In a recent report following the 2014 Heckerling Institute for Estate Planning conference, industry professionals are highlighting the changing landscape of estate planning for Americans. These changes come about following the January 1, 2013 legislative deal passed by Congress. Popular estate planning techniques that were used in the past may no longer be the techniques used going forward.
Tax Law Changes
Last year’s legal changes made several estate and tax laws permanent, including:
- Exclusions from federal estate and gift taxes
- Raising the top income tax rate on long-term capital gains
- Making the annual estate tax exclusion amounts portable between spouses
As a result of the new laws, an important focus during the estate planning process has shifted for some families from preserving each spouse’s federal estate tax exclusion amount to taking advantage of the step-up in basis of the deceased’s property. This new approach allows families to take advantage of income tax savings while allowing the surviving spouse to use and enjoy the assets. A step-up in basis occurs when someone inherits property. Typically, the basis in property, such as stock or real estate, is what the person paid for it. If this property is given to someone else while the person is still alive, the new owner takes on the giver’s tax basis in the property. When someone dies, however, the recipient who inherits the property gets to take advantage of a “step-up”, meaning the basis in the property becomes the amount that it is worth on the date that the property owner died.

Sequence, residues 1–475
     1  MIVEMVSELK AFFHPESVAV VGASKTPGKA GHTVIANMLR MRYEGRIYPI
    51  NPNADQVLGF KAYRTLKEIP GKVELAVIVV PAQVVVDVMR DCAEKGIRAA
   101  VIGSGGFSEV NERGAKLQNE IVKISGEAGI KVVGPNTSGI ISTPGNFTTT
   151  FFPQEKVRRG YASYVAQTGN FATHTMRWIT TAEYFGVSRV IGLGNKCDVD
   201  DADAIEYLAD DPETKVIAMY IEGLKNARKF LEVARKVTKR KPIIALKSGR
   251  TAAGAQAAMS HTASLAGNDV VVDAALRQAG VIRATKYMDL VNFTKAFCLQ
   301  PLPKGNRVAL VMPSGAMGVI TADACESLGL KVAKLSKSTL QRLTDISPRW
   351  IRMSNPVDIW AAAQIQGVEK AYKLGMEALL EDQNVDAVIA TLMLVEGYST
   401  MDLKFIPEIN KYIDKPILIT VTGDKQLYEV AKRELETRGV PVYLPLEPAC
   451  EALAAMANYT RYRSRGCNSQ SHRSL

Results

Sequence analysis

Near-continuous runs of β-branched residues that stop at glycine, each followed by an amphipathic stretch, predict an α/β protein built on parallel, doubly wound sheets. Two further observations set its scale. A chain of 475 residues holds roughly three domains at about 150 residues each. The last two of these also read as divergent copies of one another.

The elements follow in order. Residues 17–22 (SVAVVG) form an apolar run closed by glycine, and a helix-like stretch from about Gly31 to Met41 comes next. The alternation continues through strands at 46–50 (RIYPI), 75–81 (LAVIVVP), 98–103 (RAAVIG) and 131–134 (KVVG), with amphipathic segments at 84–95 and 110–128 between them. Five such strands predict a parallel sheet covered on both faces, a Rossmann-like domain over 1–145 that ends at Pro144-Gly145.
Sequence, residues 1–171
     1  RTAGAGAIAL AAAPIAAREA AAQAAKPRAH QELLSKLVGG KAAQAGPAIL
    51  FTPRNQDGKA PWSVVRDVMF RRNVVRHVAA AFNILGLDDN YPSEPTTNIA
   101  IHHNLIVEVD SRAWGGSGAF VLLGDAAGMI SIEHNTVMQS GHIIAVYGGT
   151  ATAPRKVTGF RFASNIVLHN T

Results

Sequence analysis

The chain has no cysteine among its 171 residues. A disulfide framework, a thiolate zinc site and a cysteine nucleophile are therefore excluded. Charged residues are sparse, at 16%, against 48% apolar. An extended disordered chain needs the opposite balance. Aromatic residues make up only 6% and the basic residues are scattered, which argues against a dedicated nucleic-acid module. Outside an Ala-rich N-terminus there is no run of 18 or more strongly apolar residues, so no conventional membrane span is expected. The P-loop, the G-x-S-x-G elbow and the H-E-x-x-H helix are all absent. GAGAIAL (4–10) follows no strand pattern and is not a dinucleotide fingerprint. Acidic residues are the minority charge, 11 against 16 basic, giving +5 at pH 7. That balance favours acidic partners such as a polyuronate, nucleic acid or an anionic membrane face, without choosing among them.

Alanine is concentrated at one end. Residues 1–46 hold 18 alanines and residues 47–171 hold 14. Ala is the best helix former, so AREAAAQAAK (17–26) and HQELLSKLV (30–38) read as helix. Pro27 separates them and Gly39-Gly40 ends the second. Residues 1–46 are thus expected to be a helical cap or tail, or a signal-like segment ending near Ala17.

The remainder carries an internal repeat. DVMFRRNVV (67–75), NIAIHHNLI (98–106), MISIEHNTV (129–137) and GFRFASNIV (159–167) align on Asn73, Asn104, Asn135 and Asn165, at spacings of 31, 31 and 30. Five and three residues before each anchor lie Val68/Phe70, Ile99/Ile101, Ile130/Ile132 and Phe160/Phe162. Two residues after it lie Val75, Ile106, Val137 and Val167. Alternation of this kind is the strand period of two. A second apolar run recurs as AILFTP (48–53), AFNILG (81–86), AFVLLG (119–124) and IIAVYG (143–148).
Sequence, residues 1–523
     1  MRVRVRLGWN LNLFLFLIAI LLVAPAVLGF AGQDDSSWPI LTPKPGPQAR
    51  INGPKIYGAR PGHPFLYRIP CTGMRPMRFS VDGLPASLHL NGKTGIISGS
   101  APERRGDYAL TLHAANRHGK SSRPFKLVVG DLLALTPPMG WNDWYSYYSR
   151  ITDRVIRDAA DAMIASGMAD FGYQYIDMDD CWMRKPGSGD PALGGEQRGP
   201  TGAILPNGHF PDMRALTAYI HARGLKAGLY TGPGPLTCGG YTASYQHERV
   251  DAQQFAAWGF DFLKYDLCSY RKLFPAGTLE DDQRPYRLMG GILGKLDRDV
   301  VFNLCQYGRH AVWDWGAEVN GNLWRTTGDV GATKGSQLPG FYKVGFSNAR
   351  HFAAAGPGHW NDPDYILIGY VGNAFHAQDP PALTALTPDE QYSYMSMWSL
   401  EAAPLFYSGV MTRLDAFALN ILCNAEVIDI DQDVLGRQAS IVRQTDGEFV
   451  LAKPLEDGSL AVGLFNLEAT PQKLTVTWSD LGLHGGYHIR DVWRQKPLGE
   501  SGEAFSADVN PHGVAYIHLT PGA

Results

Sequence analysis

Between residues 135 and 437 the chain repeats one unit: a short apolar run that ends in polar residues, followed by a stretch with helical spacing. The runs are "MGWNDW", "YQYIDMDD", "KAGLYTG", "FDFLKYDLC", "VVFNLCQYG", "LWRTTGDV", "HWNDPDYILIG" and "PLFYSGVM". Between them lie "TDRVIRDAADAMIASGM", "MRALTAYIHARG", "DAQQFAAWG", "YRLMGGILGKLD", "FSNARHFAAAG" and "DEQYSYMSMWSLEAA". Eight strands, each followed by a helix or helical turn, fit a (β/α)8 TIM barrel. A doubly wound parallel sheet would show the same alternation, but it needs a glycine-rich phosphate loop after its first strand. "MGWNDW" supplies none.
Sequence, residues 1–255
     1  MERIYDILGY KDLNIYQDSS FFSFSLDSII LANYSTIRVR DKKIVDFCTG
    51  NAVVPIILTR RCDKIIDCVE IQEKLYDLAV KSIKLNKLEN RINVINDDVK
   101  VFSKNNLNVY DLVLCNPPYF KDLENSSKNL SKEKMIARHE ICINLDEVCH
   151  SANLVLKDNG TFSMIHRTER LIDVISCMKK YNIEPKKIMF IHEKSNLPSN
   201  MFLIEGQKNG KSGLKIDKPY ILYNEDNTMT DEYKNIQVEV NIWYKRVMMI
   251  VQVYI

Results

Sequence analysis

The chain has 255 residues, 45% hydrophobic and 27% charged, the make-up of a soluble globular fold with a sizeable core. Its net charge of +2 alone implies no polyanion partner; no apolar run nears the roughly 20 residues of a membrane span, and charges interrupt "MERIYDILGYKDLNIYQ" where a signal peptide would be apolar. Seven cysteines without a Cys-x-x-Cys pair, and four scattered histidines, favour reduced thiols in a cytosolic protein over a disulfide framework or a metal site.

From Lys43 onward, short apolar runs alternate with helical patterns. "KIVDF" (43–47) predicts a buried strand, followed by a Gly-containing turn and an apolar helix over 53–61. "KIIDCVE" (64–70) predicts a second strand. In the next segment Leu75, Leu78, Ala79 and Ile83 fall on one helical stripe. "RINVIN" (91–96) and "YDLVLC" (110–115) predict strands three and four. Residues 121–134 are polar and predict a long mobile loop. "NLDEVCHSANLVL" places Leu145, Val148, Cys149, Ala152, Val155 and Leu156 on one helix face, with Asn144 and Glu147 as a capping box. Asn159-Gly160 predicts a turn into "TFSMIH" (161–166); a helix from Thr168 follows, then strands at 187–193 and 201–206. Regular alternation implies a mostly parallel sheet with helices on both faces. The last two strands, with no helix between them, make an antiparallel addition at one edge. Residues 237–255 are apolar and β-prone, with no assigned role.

Whether families should consider changing their approach to how they plan their estate depends largely on the state in which they reside. For example, in California, the state does not have an estate tax but does levy a 13.3% state income tax on income above $1 million. In some cases, it may create a greater tax savings overall for these families to focus on taking advantage of stepped-up basis in their assets while planning their estate. It is important to note, however, that not all assets will benefit from a basis step-up. This serves as an important reason why families should consult with a knowledgeable estate-planning attorney who can help assess what to do with each asset.
If this article helped you as you consider planning your estate, please share it with your friends and family on Facebook!